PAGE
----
Indonesia has been labeled as the second-largest contributor to plastic waste globally after China. Undoubtedly, this presents a severe challenge for the nation in terms of managing waste. The high amount of non-biodegradable waste poses a persistent threat as it accumulates over time, which increases the cycle of environmental degradation. As more and more waste continues to surge rapidly, the presidential election of 2024 has its drawbacks in terms of creating excessive waste.

According to the General Election Commissions (KPU), there are more than 9000 legislative candidates participating in this year’s Indonesian elections. This translates to thousand tons of kilograms of potential waste, further worsening the country’s already waste problem. National data predicts a 76% increase in waste generation by 2025, highlighting the urgency of addressing this issue. Most displayed banners are made out of flexi that contain Polyvinyl Chloride (PVC) which is a highly difficult material to be recycled. The only solution to dispose of the banners is to burn them, however, it would result in hazardous emissions that would harm Indonesia by raising air pollution as well as leading to medical concerns and various health concerns such as respiratory issues.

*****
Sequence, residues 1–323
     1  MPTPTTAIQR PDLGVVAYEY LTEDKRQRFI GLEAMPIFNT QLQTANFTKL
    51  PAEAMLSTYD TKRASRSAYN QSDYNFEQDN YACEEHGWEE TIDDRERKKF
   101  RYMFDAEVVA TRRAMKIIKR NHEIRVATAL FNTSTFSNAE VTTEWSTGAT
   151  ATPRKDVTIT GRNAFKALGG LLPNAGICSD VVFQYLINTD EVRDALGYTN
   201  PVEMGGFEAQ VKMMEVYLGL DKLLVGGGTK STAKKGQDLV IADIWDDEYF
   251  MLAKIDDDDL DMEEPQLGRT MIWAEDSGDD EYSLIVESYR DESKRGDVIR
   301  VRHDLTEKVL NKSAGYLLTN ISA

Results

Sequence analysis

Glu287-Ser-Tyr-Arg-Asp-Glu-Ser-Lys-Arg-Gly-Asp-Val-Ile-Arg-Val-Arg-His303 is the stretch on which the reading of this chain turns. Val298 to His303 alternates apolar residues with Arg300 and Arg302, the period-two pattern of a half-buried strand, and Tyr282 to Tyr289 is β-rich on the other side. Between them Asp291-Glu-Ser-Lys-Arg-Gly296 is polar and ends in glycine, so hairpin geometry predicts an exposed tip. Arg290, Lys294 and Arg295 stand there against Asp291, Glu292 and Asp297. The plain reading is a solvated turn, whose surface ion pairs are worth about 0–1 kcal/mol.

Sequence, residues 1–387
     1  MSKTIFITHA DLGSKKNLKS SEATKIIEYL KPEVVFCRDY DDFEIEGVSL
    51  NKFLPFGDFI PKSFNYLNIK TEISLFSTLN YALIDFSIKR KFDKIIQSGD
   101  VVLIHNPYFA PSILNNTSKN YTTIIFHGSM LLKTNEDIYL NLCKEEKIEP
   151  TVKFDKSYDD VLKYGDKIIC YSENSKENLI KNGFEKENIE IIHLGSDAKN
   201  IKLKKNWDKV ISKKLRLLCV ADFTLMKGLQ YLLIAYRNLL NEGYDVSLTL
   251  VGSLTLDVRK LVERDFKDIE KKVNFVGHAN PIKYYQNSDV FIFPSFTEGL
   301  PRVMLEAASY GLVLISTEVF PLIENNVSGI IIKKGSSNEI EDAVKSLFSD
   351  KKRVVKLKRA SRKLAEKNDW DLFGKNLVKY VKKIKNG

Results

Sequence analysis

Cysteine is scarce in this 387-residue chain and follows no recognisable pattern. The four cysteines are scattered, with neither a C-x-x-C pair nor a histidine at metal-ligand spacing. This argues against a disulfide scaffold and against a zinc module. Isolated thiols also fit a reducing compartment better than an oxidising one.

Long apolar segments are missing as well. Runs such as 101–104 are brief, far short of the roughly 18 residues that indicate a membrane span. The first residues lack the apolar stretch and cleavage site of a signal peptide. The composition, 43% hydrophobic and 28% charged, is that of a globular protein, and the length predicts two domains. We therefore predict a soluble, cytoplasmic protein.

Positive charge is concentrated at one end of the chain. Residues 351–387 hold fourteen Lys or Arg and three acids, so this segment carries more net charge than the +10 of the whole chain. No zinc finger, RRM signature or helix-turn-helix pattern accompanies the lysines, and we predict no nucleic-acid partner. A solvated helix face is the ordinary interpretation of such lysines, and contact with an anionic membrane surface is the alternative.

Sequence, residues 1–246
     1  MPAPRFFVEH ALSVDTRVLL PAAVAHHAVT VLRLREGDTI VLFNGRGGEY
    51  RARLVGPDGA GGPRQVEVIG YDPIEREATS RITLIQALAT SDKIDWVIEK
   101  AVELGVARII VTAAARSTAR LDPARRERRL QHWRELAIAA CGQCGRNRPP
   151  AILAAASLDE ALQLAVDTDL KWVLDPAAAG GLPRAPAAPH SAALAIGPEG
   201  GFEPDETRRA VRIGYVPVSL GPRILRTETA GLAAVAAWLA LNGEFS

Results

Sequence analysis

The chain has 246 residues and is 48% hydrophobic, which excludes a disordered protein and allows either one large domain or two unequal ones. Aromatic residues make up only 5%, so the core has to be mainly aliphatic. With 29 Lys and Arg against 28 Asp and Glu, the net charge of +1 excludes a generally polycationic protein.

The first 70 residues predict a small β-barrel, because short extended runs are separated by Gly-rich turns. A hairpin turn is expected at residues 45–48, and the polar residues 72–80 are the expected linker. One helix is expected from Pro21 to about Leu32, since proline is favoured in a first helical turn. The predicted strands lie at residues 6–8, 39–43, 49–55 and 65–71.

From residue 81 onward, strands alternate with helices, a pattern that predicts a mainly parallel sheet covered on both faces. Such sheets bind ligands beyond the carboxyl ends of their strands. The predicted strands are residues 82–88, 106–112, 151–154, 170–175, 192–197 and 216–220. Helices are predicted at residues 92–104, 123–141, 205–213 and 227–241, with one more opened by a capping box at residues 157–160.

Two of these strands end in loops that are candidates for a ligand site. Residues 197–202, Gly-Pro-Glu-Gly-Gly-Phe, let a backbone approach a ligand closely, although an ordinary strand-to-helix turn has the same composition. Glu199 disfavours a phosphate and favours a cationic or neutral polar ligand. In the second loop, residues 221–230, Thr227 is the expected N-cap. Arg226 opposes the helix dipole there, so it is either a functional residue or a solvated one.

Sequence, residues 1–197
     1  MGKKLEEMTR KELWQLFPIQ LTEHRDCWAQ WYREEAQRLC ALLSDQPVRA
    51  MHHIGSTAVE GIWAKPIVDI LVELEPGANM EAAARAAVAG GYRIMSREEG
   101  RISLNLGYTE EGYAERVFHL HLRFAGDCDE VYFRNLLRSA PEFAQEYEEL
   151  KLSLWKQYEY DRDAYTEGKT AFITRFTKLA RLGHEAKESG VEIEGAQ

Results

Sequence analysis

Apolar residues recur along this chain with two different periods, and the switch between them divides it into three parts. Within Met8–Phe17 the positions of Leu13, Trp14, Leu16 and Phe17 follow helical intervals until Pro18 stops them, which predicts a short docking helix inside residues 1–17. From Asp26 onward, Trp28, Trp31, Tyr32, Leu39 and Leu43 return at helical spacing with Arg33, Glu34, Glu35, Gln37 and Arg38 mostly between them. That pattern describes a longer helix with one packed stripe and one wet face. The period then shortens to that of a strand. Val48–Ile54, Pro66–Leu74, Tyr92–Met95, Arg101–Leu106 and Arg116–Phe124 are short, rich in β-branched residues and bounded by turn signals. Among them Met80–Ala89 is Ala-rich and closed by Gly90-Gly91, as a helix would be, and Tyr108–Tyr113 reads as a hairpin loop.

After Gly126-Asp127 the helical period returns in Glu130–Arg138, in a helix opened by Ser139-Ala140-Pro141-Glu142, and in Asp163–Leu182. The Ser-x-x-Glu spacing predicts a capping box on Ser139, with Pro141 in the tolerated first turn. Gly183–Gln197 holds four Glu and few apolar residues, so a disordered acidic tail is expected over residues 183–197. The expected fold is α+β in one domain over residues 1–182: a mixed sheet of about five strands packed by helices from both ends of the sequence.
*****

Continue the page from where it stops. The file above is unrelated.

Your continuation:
Campaign waste is a problem that is found in not not only Indonesia, but also other countries. However, some countries such as Singapore have managed to establish a policy to counter this problem. According to Singapore’s Election Department,  during the campaign period, any posters and banners promoting a candidate must be displayed in accordance with the guidelines specified in the Returning Officer's permit for such displays. Singapore has regulated its own policy in waste disposal through the National Environment Agency. Toxic waste such as PVC will receive a particular disposal such as incineration that is controlled under the Environmental Public Health Regulations.